Stringy's Reviews > The Undercover Economist

The Undercover Economist by Tim Harford
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Jul 29, 09

Read in June, 2009

Harford says he's going to tell you how the world really works, how economics provides insight into our activity. What he really tells you is how awesome the world would be if it was run by economists and everybody always acted rationally, if by 'rationally' you mean the economics jargon of 'assigning a monetary value to every single action/object in life' and not the common usage of 'according to the rules of logic'.

You can also find out how poverty is easy to fix (you just move the starting blocks, dummy!), sweatshops are not evil (because workers there earn more money than if they'd stayed on the farm, silly!) and fair trade is useless (because it only solves a problem for the people who participate in it, not for the whole world).

It's not that he's wrong about these things, because in a limited sort of way he's entirely correct. It's that he's completely blind to the underlying assumptions that economic theory makes. He provides anecdotes to prove his point, instead of data. And he never acknowledges the difficulties involved in implementing his 'solutions'.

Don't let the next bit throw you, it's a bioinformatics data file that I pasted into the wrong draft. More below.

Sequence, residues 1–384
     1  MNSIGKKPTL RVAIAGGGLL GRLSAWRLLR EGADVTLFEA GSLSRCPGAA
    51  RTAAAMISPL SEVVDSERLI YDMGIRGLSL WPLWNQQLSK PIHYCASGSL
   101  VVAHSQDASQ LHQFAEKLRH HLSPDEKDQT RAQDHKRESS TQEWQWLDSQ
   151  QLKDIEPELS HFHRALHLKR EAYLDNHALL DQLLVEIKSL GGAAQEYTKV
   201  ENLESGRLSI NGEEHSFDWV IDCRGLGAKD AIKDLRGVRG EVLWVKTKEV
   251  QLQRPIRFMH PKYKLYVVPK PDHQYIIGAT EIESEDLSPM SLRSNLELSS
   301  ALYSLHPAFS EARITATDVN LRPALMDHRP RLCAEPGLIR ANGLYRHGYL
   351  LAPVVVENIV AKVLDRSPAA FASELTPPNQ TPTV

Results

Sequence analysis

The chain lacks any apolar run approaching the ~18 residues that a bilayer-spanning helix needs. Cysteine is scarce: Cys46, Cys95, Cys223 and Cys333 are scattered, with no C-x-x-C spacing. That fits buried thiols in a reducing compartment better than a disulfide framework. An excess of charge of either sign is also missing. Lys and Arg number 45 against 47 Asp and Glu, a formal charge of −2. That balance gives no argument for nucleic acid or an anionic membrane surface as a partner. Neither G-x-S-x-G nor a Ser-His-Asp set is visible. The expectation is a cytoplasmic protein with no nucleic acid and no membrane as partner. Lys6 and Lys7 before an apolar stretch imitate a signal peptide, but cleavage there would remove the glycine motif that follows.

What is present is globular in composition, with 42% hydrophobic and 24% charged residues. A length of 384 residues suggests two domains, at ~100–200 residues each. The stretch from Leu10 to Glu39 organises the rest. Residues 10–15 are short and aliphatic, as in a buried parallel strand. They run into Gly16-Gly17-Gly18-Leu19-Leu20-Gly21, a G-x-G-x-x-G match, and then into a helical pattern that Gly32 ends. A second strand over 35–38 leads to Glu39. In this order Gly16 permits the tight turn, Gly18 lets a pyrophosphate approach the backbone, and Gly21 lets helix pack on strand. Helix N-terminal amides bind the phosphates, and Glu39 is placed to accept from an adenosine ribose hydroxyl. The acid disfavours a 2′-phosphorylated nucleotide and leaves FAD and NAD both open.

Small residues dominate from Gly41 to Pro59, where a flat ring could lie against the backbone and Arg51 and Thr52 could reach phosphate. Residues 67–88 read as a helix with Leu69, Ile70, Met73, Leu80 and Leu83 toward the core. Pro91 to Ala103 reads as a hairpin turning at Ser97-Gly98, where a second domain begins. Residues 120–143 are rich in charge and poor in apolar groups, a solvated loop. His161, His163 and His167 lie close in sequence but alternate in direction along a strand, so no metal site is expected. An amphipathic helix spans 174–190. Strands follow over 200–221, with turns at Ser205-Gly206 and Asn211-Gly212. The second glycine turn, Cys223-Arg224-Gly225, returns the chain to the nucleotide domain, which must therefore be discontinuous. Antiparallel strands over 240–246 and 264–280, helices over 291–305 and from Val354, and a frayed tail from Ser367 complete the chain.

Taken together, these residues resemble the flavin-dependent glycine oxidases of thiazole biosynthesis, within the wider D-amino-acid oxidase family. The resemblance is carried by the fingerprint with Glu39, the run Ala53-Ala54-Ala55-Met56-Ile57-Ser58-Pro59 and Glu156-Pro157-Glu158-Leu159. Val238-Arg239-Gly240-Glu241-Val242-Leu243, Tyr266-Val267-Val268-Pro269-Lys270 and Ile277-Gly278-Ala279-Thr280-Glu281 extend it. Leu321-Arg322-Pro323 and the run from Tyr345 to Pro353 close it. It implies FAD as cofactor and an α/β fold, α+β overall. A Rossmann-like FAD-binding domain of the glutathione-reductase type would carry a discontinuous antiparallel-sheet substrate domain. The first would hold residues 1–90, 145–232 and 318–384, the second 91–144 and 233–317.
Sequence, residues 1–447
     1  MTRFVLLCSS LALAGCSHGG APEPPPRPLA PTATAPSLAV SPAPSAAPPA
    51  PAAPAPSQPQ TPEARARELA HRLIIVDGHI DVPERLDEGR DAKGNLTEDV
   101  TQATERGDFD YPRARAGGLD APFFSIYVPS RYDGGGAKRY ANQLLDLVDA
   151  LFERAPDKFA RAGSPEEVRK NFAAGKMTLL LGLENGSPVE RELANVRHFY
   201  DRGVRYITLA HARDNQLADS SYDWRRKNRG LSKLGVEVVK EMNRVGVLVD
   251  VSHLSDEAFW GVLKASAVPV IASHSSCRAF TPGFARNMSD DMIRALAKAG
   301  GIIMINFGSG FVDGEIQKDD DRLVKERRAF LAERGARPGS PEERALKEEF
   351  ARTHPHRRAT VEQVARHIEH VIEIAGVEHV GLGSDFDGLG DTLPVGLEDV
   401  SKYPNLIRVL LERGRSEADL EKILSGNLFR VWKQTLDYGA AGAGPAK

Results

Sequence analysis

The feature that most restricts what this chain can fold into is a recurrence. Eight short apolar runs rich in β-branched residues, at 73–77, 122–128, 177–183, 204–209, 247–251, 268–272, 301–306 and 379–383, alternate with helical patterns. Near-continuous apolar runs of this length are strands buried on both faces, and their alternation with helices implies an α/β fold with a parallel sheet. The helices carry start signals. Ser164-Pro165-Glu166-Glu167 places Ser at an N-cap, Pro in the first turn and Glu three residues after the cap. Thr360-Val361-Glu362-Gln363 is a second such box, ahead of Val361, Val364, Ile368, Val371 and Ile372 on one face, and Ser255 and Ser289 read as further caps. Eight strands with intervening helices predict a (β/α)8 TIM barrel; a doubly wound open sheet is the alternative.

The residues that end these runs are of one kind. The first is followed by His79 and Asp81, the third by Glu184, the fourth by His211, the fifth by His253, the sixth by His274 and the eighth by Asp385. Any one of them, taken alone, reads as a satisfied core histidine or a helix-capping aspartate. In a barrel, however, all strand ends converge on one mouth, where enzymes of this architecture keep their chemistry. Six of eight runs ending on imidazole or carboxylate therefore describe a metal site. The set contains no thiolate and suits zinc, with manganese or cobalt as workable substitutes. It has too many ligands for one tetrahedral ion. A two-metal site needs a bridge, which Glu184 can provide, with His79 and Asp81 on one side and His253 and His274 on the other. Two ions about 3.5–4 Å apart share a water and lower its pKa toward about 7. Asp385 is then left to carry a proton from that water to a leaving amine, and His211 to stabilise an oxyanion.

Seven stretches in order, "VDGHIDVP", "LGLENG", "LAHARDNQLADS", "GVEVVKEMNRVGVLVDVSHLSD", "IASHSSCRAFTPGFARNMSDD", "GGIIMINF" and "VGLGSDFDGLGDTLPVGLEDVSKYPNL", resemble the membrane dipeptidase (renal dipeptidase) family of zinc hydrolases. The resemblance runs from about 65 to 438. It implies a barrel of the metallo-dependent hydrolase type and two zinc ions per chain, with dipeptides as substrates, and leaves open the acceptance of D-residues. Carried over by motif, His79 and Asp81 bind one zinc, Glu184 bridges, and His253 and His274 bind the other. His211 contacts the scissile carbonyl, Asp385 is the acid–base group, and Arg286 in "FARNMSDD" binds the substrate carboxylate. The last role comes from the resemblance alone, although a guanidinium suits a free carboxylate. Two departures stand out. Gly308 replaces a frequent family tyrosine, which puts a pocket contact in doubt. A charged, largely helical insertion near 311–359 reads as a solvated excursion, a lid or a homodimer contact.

It's not a bad book, it's just naive. And given the recent global financial crisis, the bragging and smugness of his worldview are particularly galling - financiers acted exactly as 'rationally' as economists predicted, and look what that got us.

Why did I keep reading this annoying book? Because I'm a glutton for punishment, apparently.
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